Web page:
“The matter of BYOD, WYOD, and work from home has often raised security concerns for both large and medium business, so procedures for dealing with rogue IT equipment, communication channels, and sensitive data handling need to be more than just set in place, but also mandatory knowledge for all employees”, according to Bitdefender’s senior e-Threat analyst Liviu Arsene. “While some might argue that a work-from-home program has a significant boost on productivity and employee satisfaction, this should only apply to activities and staff that does not require to directly connect to highly critical infrastructure data or components.”
Of course, employees are not to be fully restricted when outside the network perimeter of a company’s network, but they need to me made aware that access will be limited and restricted to non-critical systems. This is both for their protection as well as the company’s.
Properly implemented IT security should not become a burden for employees, but a conduct that’s spurred from both awareness and responsibility.
Almost all IT professionals (93 percent) agree that a lack of context-aware security causes challenges that include difficulty in quickly addressing changing security needs, non-standard access needs that require IT intervention, unnecessary impact on employee productivity, or inability to analyze how/why restrictions are managed to improve worker productivity.
In the context of IT consumerization and cloud computing, IT security has spawned new problems that have to do with employee productivity. Although context-aware security seems like a rational choice, it does pose some implementations problems in regards to redesigning access policies and even redesigning the entire infrastructure. The issue with toughening security is that employees are required to remember at least 2-3 passwords for accessing various network resources.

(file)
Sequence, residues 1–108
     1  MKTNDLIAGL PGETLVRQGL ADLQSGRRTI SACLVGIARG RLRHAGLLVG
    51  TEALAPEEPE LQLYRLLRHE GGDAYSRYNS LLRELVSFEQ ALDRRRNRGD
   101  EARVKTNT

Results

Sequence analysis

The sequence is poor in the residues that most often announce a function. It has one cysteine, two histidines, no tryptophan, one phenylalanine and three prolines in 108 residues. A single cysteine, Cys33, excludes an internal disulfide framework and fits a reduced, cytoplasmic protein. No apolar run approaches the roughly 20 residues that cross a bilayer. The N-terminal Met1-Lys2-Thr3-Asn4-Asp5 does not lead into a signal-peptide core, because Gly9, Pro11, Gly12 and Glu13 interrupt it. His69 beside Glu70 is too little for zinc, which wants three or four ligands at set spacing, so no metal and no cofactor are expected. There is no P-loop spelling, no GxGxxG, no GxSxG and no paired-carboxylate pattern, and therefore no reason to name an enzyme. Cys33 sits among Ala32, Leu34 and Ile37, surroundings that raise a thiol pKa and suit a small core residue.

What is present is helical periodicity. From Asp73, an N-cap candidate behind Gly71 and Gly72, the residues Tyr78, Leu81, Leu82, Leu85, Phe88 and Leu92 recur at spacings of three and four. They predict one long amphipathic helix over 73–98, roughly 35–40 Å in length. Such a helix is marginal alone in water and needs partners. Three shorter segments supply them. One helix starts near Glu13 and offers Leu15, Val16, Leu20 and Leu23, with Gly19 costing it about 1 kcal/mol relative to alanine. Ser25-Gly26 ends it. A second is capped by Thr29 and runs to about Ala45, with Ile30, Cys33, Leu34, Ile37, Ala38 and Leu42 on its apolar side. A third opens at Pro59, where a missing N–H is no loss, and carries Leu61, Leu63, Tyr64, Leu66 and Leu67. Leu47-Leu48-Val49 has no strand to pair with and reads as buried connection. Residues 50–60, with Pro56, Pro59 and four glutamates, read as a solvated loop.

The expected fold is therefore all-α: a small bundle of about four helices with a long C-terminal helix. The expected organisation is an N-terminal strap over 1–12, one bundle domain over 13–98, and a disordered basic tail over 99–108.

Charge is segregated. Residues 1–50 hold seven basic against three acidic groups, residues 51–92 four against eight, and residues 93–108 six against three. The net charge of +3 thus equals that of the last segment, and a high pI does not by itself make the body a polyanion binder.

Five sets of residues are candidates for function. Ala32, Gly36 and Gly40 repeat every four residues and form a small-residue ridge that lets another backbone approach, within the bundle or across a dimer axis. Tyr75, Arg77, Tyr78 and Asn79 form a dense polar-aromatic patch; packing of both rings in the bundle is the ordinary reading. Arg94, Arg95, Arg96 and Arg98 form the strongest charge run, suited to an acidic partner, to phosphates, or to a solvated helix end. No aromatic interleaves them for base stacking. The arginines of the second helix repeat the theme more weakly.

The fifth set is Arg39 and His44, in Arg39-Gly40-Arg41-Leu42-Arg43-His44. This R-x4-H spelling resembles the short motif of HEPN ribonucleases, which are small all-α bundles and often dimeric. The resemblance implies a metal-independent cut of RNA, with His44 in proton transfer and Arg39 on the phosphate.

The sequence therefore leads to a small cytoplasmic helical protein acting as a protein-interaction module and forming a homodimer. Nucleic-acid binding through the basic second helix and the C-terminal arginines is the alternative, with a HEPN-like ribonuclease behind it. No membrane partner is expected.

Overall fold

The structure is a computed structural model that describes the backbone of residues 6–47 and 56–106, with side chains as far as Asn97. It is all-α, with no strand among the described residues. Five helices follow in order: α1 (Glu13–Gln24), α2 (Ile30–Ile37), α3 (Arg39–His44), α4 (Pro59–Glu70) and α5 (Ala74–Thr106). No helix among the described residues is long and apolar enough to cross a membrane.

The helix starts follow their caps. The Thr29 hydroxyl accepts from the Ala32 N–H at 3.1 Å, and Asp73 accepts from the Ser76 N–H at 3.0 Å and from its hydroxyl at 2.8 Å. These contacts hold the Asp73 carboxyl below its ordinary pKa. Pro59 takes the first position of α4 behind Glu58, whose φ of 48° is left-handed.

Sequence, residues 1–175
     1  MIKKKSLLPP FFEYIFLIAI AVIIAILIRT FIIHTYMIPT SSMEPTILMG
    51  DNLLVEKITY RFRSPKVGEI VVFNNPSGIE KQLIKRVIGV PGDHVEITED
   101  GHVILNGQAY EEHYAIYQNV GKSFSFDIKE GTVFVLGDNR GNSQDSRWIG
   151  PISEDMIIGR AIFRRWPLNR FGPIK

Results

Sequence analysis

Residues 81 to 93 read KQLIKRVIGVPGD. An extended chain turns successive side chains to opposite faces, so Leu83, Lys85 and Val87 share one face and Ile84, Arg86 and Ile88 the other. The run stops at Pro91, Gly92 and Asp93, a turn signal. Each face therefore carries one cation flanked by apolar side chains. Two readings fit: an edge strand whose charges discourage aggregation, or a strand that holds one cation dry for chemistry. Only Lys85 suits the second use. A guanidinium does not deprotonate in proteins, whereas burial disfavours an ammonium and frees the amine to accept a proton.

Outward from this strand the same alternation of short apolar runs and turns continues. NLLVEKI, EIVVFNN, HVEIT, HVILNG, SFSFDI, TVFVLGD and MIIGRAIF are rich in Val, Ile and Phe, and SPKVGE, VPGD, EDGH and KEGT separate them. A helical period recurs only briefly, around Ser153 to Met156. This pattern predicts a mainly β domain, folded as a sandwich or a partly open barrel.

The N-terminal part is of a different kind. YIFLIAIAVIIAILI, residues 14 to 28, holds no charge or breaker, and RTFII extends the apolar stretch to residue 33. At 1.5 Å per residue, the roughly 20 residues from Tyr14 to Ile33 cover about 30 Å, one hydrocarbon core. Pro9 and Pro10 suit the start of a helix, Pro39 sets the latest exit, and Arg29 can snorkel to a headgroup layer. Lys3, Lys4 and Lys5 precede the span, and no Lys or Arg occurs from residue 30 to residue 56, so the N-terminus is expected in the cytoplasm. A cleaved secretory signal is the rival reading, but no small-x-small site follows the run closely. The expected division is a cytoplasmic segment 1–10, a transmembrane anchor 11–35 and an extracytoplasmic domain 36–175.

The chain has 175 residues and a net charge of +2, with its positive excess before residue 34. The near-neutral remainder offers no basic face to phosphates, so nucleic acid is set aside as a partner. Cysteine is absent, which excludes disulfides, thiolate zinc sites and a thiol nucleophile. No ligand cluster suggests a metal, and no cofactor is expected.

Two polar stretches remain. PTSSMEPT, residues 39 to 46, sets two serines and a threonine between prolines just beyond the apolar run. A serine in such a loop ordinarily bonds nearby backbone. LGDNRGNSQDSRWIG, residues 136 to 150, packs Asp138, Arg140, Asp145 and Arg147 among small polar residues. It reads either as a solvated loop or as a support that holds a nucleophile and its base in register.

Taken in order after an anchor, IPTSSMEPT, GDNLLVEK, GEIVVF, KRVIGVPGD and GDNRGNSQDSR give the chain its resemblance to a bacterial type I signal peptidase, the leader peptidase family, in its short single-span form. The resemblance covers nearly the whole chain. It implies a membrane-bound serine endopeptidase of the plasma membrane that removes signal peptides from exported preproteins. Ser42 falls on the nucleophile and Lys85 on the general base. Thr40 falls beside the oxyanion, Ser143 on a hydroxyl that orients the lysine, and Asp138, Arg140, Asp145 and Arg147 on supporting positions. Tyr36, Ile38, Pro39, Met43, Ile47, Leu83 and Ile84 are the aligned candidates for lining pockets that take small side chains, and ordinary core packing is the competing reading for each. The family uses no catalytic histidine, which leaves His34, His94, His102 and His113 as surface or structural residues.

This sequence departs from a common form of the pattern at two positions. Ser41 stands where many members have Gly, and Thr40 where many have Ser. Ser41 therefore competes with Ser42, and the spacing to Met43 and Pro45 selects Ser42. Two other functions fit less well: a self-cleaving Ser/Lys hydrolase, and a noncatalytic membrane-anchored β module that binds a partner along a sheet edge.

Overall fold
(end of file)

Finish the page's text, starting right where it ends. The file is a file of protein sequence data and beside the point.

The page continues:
“One way of avoiding this hassle would be to simply identity the location of the individual (say, he’s currently in your headquarters), identify whether he’s connected via a physical connection (preferably a LAN wall outlet assigned to a specific MAC address), and use this information to ascertain that he’s currently plugged into the network perimeter from an authorized device and allow him access to resources that would otherwise require various authentication mechanisms”, says Liviu Arsene, Bitdefender’s senior e-Threat analyst.
Using context-aware security will not only boost productivity, but will also help IT personnel quickly identify possible network intrusions or anomalies more easily. Context-aware security also means eliminating the element of rogue IT, generated by employees that take it upon themselves to manage local resources. By providing employees with easy access to company-approved cloud storage, internet connectivity (so that employees won’t bring and connect their own routers, switches or access points), and even internal messaging apps.
“Context-aware security is not just about improving the overall productivity of employees, but also about minimizing potential exposure of company-sensitive information to outside parties”, Arsene adds.
Employees should gain access only to resources essential for day-to-day activity. Former employees generate significant risks of vulnerabilities, especially those who had access to confidential intelligence, unknown to those outside the organization. Companies must limit the risk of using sensitive information for personal reasons or to access it after resignation. All passwords used to access different types of accounts should be frequently changed to diminish risks of security breaches.